History Book – Sculpting Honest Abe


MARY REICHARD, HOST: The world and all in it: The WORLD History Book. Today, royal wedding bells are a saving breakthrough, and a young sculptor is carving a place for herself in history. Here’s senior correspondent Katie Gaultney.

MUSIC: “St. Patrick’s Day in the morning”

KATIE GAULTNEY, SENIOR CORRESPONDENT: President Abraham Lincoln was known in his day for his striking features. He was tall, measuring 6 feet, 4 inches. He had a high forehead and he was the first fully bearded president. These mustaches adorned chiseled cheekbones.


And the US government has determined that these distinct features should in fact be set in stone. So on July 28, 1866, a little over a year after Lincoln’s death, Congress awarded an order for a life-size marble statue of Honest Abe. The artist was a young sculptor: Lavinia “Vinnie” Ream.

Ream was only 18 when she got this commission. She was the youngest person and the first woman to be hired by the US government as an artist. But it wasn’t the first time she had sculpted Lincoln’s portrait. In 1864, the President accepted the Apprentice Sculptor’s request to sit for a bust. He would meet her half an hour a day, five months straight.

After Congress chose her to make a Lincoln sculpture posthumously, Ream came under public scrutiny. At a 2009 event at the Capitol Rotunda, Lincoln historian Harold Holzer reflected on the public reaction to the sculpture after its unveiling.

HOLZER: He was criticized by people who thought Congress had behaved inappropriately by paying so much money for a sculpture by such a young and untested artist …

However, he still stands at the Capitol Rotunda, depicting the President with a fixed, downward gaze. He holds the Emancipation Proclamation in his right hand and wears the waistcoat, tie and coat he wore at Ford’s Theater the night he died.

Ream was only 23 when the statue was presented. She opened studios in New York and Washington, but withdrew from the art world when she became a wife and mother.

Now move from art to science.

SOUND: laboratory equipment

One hundred years have passed since researchers at the University of Toronto proved that the hormone insulin regulates blood sugar. The team of scientists, led by biochemist Frederick Banting, marked this achievement on July 27, 1921.

Before this breakthrough, people with diabetes followed horribly restrictive diets: an egg, a few green beans or Brussels sprouts, an olive. The children lost weight quickly, succumbing to the disease within weeks or months.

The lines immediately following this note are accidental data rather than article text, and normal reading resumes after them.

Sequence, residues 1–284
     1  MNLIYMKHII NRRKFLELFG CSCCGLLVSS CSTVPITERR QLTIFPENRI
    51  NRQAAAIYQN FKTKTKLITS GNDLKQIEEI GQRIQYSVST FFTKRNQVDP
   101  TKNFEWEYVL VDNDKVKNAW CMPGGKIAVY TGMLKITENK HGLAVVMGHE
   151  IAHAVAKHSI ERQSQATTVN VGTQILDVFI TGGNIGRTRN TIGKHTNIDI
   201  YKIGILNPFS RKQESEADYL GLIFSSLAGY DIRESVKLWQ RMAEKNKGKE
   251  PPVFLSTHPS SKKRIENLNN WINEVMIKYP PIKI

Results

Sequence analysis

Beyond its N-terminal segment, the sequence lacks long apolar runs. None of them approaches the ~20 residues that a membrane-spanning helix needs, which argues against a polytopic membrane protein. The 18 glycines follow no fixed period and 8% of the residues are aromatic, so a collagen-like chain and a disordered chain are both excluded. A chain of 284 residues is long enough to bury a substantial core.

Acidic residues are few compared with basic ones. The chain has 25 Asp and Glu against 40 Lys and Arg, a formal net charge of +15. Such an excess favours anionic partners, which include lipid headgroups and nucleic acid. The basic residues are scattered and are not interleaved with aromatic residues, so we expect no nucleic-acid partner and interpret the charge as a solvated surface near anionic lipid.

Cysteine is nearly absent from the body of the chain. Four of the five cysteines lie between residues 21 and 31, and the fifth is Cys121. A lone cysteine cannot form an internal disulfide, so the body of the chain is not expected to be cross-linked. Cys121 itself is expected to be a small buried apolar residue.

Shortly before Banting perfected his method, scientists began to suspect that a hormone in the pancreas was regulating blood sugar. They even called it insulin. But they couldn’t extract the substance; it broke down too quickly. With support from the University of Toronto, Banting and fellow student Charles Best devised a way to destroy cells that break down insulin, leaving insulin intact for extraction.

A 1958 Canadian short film, The quest, underlines Banting’s journey. Here is an excerpt from a meeting between the researcher and his mentor, Professor JJR McCleod, where Banting explains his plan.

THE QUEST: I extract the hormone from the parched pancreas, islet cells, and give it to a diabetic dog. The blood sugar of this dog is reduced, you have the proof. The isolated anti-diabetic principle, put to work!

Besides dogs, Banting and his company have experimented with fetal calves. Ultimately, pork and beef remained the main commercial sources of insulin until the late 1970s, when researchers created synthetic insulin. For their efforts, Banting and Best were awarded the Nobel Prize in Physiology and Medicine in 1923.

And we’ll end today’s episode with wedding bells.

ANNOUNCER: And so, out in the sun and the bells and wild fun as a palpable wave of affection and pride surges from the crowd (bells) …

It has been 40 years since Charles, Prince of Wales, married Lady Diana Spencer at St Paul’s Cathedral in London on July 29, 1981.

The UK has made the long-awaited wedding day a national holiday. Charles, of course, was heir apparent to the British throne, while Diana came from a noble family but worked as a childminder. The idea of ​​the prince marrying an “everyday girl” has captured the hearts and eyes of the public. A global television audience of over 700 million people watched the ceremony.

ANNOUNCER: As haunting and romantic as a bride has touched the hearts of the world more than ever …

SONG: “Trumpet Voluntary” by Jeremiah Clarke

But, like most wedding days, there were a few hiccups. Diana spilled perfume on her dress and covered the spot with her hand during the ceremony. She also confused the order of Charles’s names during her vows:

CEREMONY:… Take yourself, Charles Philip Arthur George / Take yourself, Philip Charles Arthur George…

In all fairness, that’s a lot to remember. Charles, meanwhile, said he would offer his wife “your worldly goods” instead of “my worldly goods”. And the couple have shaken up the tradition that the bride promises to “obey” her husband.

The wedding cost around $ 48 million, up to $ 110 million, adjusted for inflation. Proof that an expensive marriage does not necessarily equate to a happy marriage, the union did not last.


Sadly, after separating in 1992, Charles and Diana finalized their divorce in 1996, a year before Diana died in a car accident.

This is this week’s history book. I am Katie Gaultney.

WORLD Radio transcriptions are created in the shortest possible time. This text may not be in its final form and may be updated or revised in the future. Accuracy and availability may vary. The authoritative recording of WORLD Radio’s programming is the audio recording.

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